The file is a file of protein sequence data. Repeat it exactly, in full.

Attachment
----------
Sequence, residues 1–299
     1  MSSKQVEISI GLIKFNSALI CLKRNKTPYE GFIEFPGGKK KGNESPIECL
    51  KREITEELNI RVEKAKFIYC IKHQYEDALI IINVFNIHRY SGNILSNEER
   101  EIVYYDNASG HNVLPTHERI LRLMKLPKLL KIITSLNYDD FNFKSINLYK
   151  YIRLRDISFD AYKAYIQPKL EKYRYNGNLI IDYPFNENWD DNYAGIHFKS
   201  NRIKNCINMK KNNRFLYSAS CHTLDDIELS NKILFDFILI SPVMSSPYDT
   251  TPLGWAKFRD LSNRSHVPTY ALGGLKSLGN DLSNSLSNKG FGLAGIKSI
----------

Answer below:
Sequence, residues 1–299
     1  MSSKQVEISI GLIKFNSALI CLKRNKTPYE GFIEFPGGKK KGNESPIECL
    51  KREITEELNI RVEKAKFIYC IKHQYEDALI IINVFNIHRY SGNILSNEER
   101  EIVYYDNASG HNVLPTHERI LRLMKLPKLL KIITSLNYDD FNFKSINLYK
   151  YIRLRDISFD AYKAYIQPKL EKYRYNGNLI IDYPFNENWD DNYAGIHFKS
   201  NRIKNCINMK KNNRFLYSAS CHTLDDIELS NKILFDFILI SPVMSSPYDT
   251  TPLGWAKFRD LSNRSHVPTY ALGGLKSLGN DLSNSLSNKG FGLAGIKSI